This is why we’d like to share the refined recycled rubber accessories by Slash Objects:
1// In a nutshell:
Recycled rubber is the key element of the poetics of Slash Objects, an investigation of material and form by multidisciplinary design firm Slash Projects. Since its launch in 2016, Arielle Assouline-Lichten, Slash Projects’ founder, has been working with the industrial material creating home objects and accessories. Her latest work has been recently showcased for Sight Unseen Offsite at Retrosuperfuture shop, that was transformed into a black rock garden to present the designer’s Co-Exist collection of sophisticated post-industrial products for the home.
2// What draw our attention the most:
Slash Objects collection ‘Coexist’ consists of unique, statement pieces created through the juxtaposition of stone, metals and unexpected material as rubber: it represents an investigation how materials come together to create beautiful objects. Recycled rubber is extensively used in the collection: “It’s so high-performance and so durable, but it’s also super tactile, has this very distinct texture, and is pretty pleasing to the eyes,” as Arielle Assouline-Lichten explains.
Central to this collection is the way pieces are intersecting and the way pieces are held in place by one another – each material is integral to the whole: the Coexist Standing Mirror is comprised of a marble cube, which holds a brass framed mirror seamlessly in place. Recycled rubber is due in the backside of the mirror, adding a tactile yet surprising element to the composition.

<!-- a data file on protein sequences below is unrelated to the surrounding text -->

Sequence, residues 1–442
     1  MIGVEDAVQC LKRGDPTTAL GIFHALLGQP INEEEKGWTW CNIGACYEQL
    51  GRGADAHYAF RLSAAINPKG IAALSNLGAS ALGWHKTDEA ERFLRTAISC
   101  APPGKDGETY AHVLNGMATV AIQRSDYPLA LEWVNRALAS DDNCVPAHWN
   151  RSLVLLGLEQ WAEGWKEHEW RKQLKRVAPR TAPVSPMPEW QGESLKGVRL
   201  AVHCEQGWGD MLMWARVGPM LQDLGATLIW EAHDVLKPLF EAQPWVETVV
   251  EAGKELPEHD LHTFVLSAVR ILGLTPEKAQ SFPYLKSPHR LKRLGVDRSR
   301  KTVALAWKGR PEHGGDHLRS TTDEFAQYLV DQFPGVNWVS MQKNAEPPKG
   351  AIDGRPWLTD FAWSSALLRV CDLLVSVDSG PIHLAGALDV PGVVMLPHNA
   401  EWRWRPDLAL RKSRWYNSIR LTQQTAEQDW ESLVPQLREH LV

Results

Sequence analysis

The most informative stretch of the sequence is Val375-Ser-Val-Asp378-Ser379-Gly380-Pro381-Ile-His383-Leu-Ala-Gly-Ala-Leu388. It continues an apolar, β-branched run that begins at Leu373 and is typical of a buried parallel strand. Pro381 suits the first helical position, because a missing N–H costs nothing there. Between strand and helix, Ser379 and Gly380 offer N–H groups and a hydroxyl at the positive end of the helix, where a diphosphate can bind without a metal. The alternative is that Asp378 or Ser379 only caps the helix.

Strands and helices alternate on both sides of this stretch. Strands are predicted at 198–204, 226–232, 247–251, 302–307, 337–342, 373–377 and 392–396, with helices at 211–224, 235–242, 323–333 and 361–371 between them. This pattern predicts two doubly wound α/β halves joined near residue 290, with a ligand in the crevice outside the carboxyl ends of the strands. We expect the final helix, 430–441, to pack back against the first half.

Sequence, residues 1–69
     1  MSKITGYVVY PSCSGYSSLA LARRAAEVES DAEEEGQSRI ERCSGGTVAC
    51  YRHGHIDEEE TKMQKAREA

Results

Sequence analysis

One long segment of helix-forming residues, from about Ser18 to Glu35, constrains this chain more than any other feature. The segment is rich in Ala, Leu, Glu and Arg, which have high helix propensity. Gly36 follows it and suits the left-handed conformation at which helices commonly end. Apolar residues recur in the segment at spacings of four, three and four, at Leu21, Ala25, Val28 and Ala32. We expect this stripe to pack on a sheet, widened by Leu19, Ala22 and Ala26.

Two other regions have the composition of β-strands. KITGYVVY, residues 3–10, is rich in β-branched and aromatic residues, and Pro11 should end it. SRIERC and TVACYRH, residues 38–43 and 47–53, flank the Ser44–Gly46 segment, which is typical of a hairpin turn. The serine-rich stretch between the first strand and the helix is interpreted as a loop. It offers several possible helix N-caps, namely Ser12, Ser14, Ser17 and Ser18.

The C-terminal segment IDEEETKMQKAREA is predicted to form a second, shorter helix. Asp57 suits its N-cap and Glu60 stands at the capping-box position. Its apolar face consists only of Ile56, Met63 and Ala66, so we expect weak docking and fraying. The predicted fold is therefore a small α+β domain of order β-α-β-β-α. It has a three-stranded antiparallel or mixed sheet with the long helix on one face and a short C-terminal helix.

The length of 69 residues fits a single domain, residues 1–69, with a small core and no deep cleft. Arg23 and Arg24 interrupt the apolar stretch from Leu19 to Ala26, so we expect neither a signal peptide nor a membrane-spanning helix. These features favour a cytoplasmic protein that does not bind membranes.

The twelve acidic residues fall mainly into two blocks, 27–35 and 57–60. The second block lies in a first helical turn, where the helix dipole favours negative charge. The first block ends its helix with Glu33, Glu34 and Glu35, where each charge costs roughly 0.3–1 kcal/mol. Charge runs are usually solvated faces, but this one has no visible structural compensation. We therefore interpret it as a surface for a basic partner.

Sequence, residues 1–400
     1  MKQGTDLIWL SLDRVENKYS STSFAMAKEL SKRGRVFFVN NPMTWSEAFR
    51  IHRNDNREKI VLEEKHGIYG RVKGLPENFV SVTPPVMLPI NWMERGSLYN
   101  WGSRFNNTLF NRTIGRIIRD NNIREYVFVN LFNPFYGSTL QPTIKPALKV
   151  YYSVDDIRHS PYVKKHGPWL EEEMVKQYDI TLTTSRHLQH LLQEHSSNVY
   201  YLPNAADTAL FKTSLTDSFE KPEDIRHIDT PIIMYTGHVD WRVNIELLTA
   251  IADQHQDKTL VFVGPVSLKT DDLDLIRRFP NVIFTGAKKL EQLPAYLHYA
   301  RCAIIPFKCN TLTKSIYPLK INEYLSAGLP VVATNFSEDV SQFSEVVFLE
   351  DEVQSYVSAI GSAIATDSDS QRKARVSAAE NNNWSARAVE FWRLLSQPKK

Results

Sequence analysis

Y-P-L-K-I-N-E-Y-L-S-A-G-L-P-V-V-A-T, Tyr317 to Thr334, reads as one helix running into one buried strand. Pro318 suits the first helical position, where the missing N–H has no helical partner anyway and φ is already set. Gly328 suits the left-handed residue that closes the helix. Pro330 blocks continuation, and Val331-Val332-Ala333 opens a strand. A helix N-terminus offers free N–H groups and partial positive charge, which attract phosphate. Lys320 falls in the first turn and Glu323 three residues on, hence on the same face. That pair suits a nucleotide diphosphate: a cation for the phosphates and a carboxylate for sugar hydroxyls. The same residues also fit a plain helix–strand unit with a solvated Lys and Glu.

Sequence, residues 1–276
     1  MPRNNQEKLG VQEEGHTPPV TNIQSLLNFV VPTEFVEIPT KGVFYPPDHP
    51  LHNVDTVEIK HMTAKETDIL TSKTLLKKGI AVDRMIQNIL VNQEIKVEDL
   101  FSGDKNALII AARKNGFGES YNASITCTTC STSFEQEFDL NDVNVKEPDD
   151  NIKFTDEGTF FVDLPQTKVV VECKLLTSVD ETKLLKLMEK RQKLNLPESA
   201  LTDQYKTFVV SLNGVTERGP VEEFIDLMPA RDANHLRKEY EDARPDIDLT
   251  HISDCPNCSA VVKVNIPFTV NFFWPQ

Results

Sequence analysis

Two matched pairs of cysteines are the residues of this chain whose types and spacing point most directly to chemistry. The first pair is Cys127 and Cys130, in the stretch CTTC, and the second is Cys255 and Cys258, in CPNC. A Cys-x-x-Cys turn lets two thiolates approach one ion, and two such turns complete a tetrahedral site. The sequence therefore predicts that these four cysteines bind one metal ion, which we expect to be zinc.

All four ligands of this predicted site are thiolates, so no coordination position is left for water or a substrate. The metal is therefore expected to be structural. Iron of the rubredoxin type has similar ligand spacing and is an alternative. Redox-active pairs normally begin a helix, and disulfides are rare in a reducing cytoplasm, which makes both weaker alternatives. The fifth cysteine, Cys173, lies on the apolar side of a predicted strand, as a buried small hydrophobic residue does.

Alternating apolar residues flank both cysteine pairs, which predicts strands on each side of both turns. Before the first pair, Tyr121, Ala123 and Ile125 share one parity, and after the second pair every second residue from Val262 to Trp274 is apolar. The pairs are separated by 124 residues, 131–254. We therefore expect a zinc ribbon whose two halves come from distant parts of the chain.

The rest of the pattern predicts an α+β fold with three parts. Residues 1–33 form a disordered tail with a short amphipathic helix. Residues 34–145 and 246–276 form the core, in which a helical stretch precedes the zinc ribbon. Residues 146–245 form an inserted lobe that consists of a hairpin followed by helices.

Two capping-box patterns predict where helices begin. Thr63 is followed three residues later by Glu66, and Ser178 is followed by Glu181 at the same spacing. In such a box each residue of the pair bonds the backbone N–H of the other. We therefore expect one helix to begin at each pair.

Rubber CYL side table, which is a cylindrical table that fuses recycled rubber, brass and concrete together.
Also the setting of the installation is particularly important in this case. Inspired by karesansui, the Japanese rock garden, small mountains of shredded tires and recycled rubber are located on site as a reminiscence of the rocks placed traditionally in these gardens. Their aim is to guide the visitor in the discovery of these sophisticated objects, in a dialogue between the simple geometric beauty of the objects and the unstructured “post-industrial rocks”.
3// The bigger picture
Plastic and its use is becoming more and more often part of the design materials vocabulary, as you may have noticed if you follow our Creative Waste series. We recently presented Rubdish, an investigation about the transformation of waste into a positive evocative image by designer Diederik Schneemann and photographer Aldwin van Krimpen.
Also, as we mentioned in one of our 2018 Milan Design Week highlights posts, Rossana Orlandi, launched a project – the “guiltless plastic” initiative aimed at changing the perception of plastic and ensuring the material is used responsibly.